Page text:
This Artist Is Making Work Out of the Literal Blood of LGBTQ People

Credit to Author: Claire Voon| Date: Fri, 18 Jan 2019 18:03:46 +0000

Jordan Eagles remembers trying to donate blood in his early 20s and being told he couldn’t. The 41-year-old artist, who is gay, was turned away due to the Food and Drug Administration’s (FDA) policy, not to accept blood donations from men who’d had sex with another man “even one time” since 1977. The lifetime ban was implemented in 1985, an early response to the AIDS epidemic, but it lasted for more than three decades before being tweaked to be slightly more inclusive in 2015.

“I was pissed,” Eagles recalls. “I reached over the table and grabbed my paperwork. I thought, ‘You’re not filing me as some reject in some cabinet. Hell no.’ That feeling of anger stuck with me. It was always that ‘even once’ that was a punch to my gut.”

At the time, Eagles was experimenting with using animal blood from slaughterhouses in his art. He’d preserve the blood in plexiglass and UV resin to create glistening, mesmerizing sculptures. But his fury about the FDA’s discriminatory policy endured, and in 2013, Eagles decided to channel his emotions into art challenging the ban.

One result is Blood Mirror, a seven-foot-tall block of UV resin filled with human blood donated, under medical supervision, by 59 gay, bisexual, and transgender men. The sculpture, created in two phases between 2014 and 2016, is currently installed at the Museum of the City of New York as part of the exhibition Germ City: Microbes and the Metropolis.

Then there’s Jesus, Christie’s, which Eagles created last year and is on view at the Leslie-Lohman Museum of Gay and Lesbian Art in New York through February 10. Eagles embedded a catalogue from the auction house’s sale of Salvator Mundi, the most expensive painting ever sold, with medical vials containing the blood of an HIV+ undetectable long-term survivor and activist, conflating the values of the art market with those of our healthcare system.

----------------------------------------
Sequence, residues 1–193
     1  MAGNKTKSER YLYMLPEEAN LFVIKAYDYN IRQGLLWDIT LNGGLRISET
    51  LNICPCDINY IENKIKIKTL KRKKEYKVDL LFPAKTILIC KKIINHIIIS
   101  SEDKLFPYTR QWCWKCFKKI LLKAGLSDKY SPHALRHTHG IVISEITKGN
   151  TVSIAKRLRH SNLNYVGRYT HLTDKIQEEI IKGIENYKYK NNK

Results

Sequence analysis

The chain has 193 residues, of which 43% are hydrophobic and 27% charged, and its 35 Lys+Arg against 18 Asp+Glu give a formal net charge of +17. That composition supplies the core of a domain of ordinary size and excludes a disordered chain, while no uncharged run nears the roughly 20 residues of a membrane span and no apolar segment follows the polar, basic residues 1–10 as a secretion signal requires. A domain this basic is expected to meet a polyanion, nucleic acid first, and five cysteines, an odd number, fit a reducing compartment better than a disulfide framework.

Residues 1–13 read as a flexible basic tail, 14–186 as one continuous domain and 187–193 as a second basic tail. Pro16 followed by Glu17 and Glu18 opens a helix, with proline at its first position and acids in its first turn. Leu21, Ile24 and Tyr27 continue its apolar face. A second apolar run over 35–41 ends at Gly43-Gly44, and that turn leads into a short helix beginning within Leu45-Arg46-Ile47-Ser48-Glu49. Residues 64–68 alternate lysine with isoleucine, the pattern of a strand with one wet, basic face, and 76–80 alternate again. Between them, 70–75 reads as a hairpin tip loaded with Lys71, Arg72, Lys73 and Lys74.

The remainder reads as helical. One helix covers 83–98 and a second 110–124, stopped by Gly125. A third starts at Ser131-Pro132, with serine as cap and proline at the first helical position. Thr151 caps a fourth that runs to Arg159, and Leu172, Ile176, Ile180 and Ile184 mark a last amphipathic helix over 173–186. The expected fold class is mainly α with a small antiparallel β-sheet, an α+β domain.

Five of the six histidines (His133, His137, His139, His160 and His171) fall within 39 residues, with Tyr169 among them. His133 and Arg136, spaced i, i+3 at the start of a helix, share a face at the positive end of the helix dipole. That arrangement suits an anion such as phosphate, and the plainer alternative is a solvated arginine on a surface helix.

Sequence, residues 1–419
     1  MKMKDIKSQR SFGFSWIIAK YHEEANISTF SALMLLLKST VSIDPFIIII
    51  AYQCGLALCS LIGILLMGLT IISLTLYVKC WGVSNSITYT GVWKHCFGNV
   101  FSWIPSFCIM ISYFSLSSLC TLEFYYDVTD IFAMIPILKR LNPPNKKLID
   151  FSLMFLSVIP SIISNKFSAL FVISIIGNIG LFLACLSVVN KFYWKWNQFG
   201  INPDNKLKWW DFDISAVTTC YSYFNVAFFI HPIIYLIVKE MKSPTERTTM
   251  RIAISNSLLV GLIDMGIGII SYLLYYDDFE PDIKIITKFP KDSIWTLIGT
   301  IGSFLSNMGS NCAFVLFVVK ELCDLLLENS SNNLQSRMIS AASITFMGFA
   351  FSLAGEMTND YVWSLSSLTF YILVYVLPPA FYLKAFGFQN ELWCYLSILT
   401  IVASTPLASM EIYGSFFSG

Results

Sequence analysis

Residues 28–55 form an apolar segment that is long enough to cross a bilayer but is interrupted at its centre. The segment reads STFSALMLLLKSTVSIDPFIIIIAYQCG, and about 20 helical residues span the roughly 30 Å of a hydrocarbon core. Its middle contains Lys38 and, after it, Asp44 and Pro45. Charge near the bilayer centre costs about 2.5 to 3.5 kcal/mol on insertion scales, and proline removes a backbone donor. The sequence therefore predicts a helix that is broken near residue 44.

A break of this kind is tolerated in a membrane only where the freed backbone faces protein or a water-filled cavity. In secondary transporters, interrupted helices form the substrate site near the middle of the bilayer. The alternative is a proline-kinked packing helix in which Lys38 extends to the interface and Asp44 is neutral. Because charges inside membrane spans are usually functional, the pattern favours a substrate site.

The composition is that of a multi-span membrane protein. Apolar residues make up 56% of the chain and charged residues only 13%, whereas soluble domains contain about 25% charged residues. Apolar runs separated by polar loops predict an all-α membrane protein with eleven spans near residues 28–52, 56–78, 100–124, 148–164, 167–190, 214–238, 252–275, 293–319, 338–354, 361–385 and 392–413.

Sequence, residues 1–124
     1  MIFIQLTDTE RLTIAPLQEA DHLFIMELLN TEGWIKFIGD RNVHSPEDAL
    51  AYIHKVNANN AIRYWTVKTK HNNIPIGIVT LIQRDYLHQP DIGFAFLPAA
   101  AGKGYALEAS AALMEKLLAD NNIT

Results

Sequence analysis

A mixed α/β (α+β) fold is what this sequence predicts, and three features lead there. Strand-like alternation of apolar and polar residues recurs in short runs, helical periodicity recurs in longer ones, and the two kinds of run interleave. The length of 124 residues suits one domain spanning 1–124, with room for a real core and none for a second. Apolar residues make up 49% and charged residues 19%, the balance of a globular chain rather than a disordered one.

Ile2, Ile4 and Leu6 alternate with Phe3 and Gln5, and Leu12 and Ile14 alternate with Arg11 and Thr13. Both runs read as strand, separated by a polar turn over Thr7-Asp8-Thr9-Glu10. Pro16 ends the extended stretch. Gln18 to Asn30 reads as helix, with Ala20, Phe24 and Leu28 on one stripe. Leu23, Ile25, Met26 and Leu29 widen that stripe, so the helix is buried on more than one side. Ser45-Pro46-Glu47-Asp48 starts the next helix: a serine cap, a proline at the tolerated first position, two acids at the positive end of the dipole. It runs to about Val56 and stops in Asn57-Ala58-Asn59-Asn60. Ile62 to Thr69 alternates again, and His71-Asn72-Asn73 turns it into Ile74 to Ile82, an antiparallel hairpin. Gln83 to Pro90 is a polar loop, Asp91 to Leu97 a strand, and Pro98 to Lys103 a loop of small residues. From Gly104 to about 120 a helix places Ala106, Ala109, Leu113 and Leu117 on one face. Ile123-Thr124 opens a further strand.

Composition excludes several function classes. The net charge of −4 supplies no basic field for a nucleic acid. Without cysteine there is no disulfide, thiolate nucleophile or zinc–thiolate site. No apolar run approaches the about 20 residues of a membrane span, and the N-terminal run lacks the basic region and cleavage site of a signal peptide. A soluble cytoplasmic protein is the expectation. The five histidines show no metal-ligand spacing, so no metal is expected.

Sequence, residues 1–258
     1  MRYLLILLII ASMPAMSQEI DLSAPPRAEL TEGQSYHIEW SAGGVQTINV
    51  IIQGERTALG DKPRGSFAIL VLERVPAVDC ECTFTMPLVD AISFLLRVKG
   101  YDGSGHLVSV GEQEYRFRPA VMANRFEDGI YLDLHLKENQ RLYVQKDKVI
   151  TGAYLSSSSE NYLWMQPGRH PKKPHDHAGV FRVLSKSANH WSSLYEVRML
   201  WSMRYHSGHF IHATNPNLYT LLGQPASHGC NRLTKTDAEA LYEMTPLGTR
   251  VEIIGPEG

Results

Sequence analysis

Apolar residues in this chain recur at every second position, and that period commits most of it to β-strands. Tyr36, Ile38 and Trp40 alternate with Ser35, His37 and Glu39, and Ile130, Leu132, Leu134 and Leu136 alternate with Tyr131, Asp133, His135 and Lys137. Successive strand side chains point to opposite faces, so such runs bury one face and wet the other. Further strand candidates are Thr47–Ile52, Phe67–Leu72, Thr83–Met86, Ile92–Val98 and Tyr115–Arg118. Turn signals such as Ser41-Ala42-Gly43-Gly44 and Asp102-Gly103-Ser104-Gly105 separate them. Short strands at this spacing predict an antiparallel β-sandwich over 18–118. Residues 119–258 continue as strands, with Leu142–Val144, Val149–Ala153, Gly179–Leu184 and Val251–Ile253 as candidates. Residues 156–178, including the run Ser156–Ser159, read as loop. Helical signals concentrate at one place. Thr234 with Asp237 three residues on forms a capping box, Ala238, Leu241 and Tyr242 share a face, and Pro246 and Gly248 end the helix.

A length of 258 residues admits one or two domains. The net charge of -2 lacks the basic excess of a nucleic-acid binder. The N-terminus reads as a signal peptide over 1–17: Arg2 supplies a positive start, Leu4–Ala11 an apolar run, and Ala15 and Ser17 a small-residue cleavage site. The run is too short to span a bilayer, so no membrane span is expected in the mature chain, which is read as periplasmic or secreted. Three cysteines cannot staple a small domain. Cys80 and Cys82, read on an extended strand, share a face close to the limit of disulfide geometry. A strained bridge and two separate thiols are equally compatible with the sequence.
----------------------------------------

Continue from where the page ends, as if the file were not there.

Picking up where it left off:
Both mark Eagles’ first forays into using human blood in his art. But unlike dripping works by Hermann Nitsch or Ron Athey that provoke visceral reactions, Eagles’s are imbued with a quiet, spiritual quality despite the outrage that drives them. (Fittingly, Blood Mirror debuted in 2015 at Trinity Church on Wall Street in New York City, where it stood like a contemporary reliquary in a historic vestibule.)

New work by Jordan Eagles, based off a 1994 HULK comic called

New work by Jordan Eagles, based off a 1994 HULK comic called “In the Shadow of AIDS,” and paired with blood from an HIV+ undetectable donor and a donor on PrEP. Courtesy the artist.

Given its source material, one question Jesus, Christie’s brings to mind is how Eagles considers his own artwork as commodity. As a collaborative protest piece made of many people’s biological matter, Blood Mirror seems like an odd sculpture to place on the market. But Eagles says that although it is for sale (and all donors have signed release forms), he plans to donate all potential proceeds to a yet-to-be-decided charity.

“My hope is that one day, someone extraordinarily wealthy will buy it and donate it to a museum that can care for the work and use it to raise dialogue,” he says. In an age when revolutionary leaps in science still confront persistent prejudices, it’s a conversation that will likely continue.

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This article originally appeared on VICE US.